Takeaway 4: All roads lead to the employer bearing the burden of proving a denied accommodation was an undue hardship under the PWFA.
I don’t think there are any statistics on it, but I’d wager that over half of the ADA employment failure-to-accommodate cases litigated to summary judgment or trial end in a determination that the employee wasn’t qualified for the position, that a reasonable accommodation didn’t exist, or that the employee withdrew from the interactive process. It’s my impression that very few ADA cases are decided on the grounds of undue hardship, or at least exclusively on the grounds of undue hardship, which is an affirmative burden of proof the employer must meet. But, as far as I can see, if these proposed regulations are finalized in anything close to their current form, and if employers or the courts give them deference, employers will have to examine every prospective accommodation denial under the PWFA from the perspective of: does this accommodation impose an undue hardship on my business operations?
As noted in Part 2 of this series, the EEOC proposes to define a qualified individual under the PWFA as one who can perform the essential job functions, with or without reasonable accommodations, or one who predicts she can perform the essential job functions, with or without reasonable accommodations, within 40 weeks (excluding childbirth-related leave). That’s substantially different from case law under the ADA, where an employee has to be able to perform the essential job functions presently or advise that he/she can perform them after a reasonable and discrete period of leave. See, e.g., Moens v. City of Chicago, 805 Fed. Appx. 421, 423 (7th Cir. 2020) (“an employee whose disability prevents her from coming to work regularly cannot perform the essential functions of her job.”) (internal citation and quotation omitted).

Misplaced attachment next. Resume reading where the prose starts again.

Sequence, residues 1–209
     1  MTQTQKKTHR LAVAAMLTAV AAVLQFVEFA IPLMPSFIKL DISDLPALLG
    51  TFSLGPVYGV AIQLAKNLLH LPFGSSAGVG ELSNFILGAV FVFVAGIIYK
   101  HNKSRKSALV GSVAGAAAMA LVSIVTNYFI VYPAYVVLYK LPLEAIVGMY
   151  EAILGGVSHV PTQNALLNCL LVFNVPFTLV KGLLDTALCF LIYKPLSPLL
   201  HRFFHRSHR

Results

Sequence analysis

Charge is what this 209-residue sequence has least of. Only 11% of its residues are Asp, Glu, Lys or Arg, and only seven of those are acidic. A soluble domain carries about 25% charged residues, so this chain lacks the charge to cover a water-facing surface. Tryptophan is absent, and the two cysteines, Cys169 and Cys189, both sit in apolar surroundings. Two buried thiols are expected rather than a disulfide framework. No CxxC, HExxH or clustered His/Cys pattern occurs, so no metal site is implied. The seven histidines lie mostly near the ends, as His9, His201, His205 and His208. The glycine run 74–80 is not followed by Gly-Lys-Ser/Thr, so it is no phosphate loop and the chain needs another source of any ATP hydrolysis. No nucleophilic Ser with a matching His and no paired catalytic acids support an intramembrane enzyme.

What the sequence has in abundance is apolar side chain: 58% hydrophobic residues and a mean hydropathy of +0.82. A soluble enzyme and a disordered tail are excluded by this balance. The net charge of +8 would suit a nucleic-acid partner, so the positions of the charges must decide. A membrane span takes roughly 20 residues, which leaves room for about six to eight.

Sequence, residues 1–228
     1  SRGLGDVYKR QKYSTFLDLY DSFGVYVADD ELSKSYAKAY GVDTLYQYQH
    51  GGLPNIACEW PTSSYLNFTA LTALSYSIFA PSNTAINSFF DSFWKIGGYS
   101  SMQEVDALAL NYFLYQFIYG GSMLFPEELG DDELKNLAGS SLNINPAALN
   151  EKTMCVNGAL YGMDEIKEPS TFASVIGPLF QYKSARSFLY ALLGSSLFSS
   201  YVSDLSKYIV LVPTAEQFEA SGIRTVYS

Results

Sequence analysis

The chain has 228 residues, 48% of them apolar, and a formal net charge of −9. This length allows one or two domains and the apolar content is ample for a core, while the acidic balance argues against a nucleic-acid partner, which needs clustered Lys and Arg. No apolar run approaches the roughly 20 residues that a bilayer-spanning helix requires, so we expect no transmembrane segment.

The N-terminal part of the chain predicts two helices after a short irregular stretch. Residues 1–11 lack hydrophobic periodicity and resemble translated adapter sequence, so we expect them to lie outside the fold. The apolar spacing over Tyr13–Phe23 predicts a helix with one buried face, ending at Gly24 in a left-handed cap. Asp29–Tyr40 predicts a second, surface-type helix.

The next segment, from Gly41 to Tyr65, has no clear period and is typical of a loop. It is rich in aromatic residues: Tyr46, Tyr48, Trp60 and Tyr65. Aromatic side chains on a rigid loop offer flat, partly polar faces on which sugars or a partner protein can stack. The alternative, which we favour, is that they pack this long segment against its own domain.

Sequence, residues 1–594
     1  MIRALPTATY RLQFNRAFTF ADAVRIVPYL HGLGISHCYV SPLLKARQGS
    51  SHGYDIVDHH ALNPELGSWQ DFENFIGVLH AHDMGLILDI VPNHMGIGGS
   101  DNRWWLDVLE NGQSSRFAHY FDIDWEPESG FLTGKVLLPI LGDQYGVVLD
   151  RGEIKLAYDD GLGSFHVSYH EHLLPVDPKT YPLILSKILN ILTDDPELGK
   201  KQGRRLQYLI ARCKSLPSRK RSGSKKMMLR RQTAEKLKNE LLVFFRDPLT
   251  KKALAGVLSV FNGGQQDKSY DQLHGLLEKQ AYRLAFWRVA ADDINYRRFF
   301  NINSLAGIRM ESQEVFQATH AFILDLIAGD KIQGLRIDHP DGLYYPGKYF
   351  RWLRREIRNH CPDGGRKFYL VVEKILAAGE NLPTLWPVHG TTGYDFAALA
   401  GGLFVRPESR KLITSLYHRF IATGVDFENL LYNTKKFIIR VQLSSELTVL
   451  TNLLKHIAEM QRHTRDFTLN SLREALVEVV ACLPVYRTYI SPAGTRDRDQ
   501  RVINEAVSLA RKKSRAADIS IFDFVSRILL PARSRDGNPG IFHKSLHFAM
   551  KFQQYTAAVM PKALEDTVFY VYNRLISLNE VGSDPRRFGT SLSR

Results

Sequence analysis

It’s also not uncommon for a plaintiff in an ADA case to be go on at length in their deposition about the hardships and difficulties of their job, like the need to tolerate constant lifting, stress, or being on one’s feet, and, in doing so, often prove that those functions can’t be eliminated, meaning that no reasonable accommodation exists. E.g., Wulff v. Sentara Healthcare, Inc., 2013 U.S. App. LEXIS 4446, *8 (4th Cir. 2013).
In either instance, under the PWFA proposed regulations, the outcome will not be that the employee isn’t qualified or that no reasonable accommodation exists. Rather, it’s that the employer must show that “all possible accommodations…would impose an undue hardship,” in which case leave would be the default accommodation, unless the employer could show that the leave needed would pose an undue hardship.
Another common occurrence employers experience in attempting to engage with employees with disabilities to determine the appropriate accommodations is where the employee stops responding to reasonable employer requests for clarification or medical verification. The proposed PWFA regulations are pretty hostile to employer requests for medical information (see Part 3 of our blog series) and encourage employers not to seek medical information outside of an employee’s typical schedule of appointments. In effect, the EEOC is putting up yet another guardrail against employee self-sabotage, and a tremendous hurdle to employers who want to consider alternative accommodations that would better suit its business needs while also addressing or clarifying the employee’s articulated limitation.
One more blog post to go. Plus, we hope you will join us for a complimentary webinar on August 23rd at 10am Central, where we’ll discuss real-life situations where failing to understand PWFA nuances like this one may trap the unwary and unprepared employer.